UK legal misconceptions

During a recent conversation with a client he said he thought UK law was an ass. I pointed out it was not UK law that was an ass but the misconceptions surrounding the law in the UK.

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Lloyd Barrett

Some of which are just a nuisance whereas others will be seriously detrimental to life and wealth being…below are just a few UK legal misconceptions

Misconception: If you live with someone you are Common-Law Husband and Wife.
Reality: The law does not recognise Common-Law Wife. You’re either “married” or “not married”. There is nothing in between. The legal phrase for people who live together is cohabitees.

Misconception: If I’m married and I die my wife will get everything whether I’ve written a will or not.
Reality: This is not the case. If you die without a will you have died Intestate. Your wife may end up with a very small proportion of your estate and your children a large chunk of it automatically. You should really write a will.

Misconception: You can’t marry your mother in Law.
Reality: Oh yes you can (but why would you want to do that?!)

Misconception: If you want to copyright something you simply put it in an envelope and post it to yourself.
Reality:This is no proof of copyright at all. The contents can easily be changed. A better way is to get the material date stamped by a firm of solicitors or put a first class postage stamp on the material and ask your local post office to cancel the stamp with their date stamp.

Misconception: If I am stopped for speeding by one policeman on his own I can not be prosecuted.
Reality:Oh yes you can. The courts are more likely to believe a policeman saying you were speeding other than you saying you weren’t.

Misconception: If I cover the number plate of my car in cling film speed cameras can’t pick up my number plate.
Reality: This may or may not be true but in any event it is illegal and you can be prosecuted for obscuring the number plate even if you are not speeding! We suggest that you don’t try.

Misconception: Trespasses will be prosecuted.
Reality: Trespass is not a crime it’s a civil matter. You can not be prosecuted for trespass. You can sue someone for trespass but unless they have done some damage you are not likely to get any money. If they continually trespass the best you are likely to get is a court order telling them not to do it anymore.

Misconception:If you put “goods belong to the seller until paid for in full” on your invoices it means that you can go and get them back if the buyer doesn’t pay for them.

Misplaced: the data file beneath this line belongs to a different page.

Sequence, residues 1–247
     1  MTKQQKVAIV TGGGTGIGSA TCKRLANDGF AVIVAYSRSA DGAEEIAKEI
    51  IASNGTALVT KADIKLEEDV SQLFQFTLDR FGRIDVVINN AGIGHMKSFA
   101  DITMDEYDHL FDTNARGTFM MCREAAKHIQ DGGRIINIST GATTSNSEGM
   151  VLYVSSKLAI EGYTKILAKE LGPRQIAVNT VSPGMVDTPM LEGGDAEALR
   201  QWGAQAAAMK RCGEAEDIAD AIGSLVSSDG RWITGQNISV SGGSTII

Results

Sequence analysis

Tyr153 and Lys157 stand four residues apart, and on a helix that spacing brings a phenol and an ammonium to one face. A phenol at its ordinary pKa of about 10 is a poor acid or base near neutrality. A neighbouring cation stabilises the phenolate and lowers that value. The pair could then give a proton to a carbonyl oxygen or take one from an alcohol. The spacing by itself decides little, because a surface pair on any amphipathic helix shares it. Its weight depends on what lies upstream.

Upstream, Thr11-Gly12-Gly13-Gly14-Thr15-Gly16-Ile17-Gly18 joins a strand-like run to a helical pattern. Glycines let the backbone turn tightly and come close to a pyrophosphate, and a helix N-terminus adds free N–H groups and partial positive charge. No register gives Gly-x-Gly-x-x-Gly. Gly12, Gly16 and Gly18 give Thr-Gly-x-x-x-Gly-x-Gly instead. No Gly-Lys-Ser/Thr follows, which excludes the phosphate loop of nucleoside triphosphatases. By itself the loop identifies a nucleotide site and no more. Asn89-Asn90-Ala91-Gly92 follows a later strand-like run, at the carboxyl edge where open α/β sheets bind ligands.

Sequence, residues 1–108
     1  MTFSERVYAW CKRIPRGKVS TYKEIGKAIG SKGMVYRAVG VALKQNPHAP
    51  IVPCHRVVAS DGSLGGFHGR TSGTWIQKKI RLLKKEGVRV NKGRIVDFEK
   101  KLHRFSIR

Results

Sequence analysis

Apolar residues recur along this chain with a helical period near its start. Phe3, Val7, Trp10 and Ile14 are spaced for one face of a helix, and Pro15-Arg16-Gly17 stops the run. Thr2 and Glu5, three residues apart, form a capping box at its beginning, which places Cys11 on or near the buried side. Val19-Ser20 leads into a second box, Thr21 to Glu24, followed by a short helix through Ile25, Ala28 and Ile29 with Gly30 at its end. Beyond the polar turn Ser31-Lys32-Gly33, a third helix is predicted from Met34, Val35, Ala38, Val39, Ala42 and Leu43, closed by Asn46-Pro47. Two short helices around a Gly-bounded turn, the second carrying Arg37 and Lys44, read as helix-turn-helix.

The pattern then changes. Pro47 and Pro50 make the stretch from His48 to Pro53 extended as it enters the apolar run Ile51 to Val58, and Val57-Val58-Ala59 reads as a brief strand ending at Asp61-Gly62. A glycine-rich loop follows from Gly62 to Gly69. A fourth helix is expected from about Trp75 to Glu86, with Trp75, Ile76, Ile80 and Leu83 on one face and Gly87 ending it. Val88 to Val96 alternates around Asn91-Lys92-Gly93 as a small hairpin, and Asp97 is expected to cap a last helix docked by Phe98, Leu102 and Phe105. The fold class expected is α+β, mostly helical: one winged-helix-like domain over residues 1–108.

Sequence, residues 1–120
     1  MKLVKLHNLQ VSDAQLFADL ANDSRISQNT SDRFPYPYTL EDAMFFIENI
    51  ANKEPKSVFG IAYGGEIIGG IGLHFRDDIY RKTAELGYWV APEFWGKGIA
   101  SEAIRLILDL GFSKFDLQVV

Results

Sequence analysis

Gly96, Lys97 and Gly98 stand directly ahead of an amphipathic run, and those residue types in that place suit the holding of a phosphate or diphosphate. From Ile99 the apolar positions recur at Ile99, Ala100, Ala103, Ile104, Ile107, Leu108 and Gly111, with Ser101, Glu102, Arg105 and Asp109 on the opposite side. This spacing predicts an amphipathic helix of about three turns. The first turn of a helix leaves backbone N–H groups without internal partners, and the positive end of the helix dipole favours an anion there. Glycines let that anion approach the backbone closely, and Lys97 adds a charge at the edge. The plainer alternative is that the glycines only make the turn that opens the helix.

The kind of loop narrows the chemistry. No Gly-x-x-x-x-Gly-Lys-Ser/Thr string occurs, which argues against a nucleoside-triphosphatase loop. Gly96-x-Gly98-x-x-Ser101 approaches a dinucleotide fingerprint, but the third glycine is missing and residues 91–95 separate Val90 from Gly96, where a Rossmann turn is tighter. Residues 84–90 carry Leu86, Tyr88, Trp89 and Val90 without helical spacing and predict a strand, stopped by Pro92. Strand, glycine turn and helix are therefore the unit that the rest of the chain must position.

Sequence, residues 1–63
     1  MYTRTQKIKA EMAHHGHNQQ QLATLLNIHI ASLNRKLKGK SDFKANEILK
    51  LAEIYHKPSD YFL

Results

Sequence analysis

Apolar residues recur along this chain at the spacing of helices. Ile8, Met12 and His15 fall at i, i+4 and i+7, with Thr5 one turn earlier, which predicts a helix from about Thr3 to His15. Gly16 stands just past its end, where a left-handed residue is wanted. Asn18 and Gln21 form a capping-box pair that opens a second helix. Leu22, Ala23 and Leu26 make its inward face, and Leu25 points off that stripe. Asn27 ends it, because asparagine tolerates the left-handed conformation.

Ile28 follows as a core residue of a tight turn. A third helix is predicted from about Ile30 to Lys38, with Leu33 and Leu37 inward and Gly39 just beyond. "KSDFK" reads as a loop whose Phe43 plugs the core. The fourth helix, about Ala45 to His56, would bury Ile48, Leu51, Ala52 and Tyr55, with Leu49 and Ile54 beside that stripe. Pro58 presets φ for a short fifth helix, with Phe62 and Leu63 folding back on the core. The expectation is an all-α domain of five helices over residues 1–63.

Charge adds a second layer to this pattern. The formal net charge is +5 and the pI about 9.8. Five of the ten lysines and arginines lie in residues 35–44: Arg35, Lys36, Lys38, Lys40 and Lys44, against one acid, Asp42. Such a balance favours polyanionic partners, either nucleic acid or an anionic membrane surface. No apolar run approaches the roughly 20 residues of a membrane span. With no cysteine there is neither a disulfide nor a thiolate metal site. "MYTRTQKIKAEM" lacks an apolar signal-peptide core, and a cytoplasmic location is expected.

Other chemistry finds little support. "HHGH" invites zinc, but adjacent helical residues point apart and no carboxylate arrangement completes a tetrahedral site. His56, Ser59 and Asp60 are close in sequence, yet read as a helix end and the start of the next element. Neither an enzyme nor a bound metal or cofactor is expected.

Reality: This may or may not be the case it depends on how long you have been dealing with the customer for and what he has done with them. More often than not this clause is completely unenforceable although it can be enforced by wording it properly.

Misconception:If I partake in an activity and I sign a form that says I agree that I will not hold the organisers responsible for any death or injury then I can not bring a claim.
Reality: It is impossible to exclude death or injury as any consequence of any negligent action. This clause is simply unenforceable under the Unfair Contract Terms Act 1977

Misconception: If a trespasser hurts himself by, for example, tripping on a hazard on my premises, (perhaps a burglar even during the course of a crime) then that’s tough on him.
Reality: Under the Occupiers Liability Act 1984 I have a duty to keep even a burglar safe from harm when on my premises! (This act was brought in to prevent victims laying traps for unwary burglars)

Misconception:There is an old law which says that policeman must walk with one foot in the gutter.
Reality: Oh no there isn’t. If there is we have never found it.

Misconception: A policeman must wear his hat if he arrests you otherwise the arrest is unlawful.
Reality: If you get arrested for something and the policeman doesn’t have his hat on don’t think you’re going to walk away from it.

Misconception: It is legal to kill a Welshman inside Chester City walls after dark.
Reality:It may have been true 2000 years ago but in the 21st century it would be a sure fire way to life imprisonment.

Misconception: Housebreaking is during the day, burglary is at night.
Reality: There is no offence of housebreaking in the UK, the offence of burglary is entering a building as a trespasser with the intent to commit theft, GBH or rape.

Misconception: If a limited company owes money and goes bust there is nothing I can do to get it back.
Reality: Although you will usually be an unsecured creditor and therefore way down the list of people for payment, the limited company is a “one man band” and is one individuals “alter ego” then its possible to sue the individual “behind the corporate veil”.

……..and some interesting facts…….

If you take something from someone without their knowledge and leave a note saying “I will bring your xxx back next week” AND you take it back next week having treated it as your own and returning it in exactly the same condition, then you can not be charged with theft. In these circumstances we struggle to find what you could be charged with. Bizarre, but true.

A man once stole a ladder and committed a burglary using the ladder wearing nothing but his socks. It must have been a warm night!

On the road, if there are no speed limit signs and the street lights are less than 200 meters apart then it is a 30 mph speed limit.

If someone owes you some money and pays you (say) half of it on the basis that “its half or nothing” and you accept it under duress it’s still usually possible to sue the debtor for the balance (this goes back to the 17th ct).

Slavery wasn’t abolished legally until 1998 by the Human Rights Act because the 1833 Abolition of Slavery Act did not define what slavery was.

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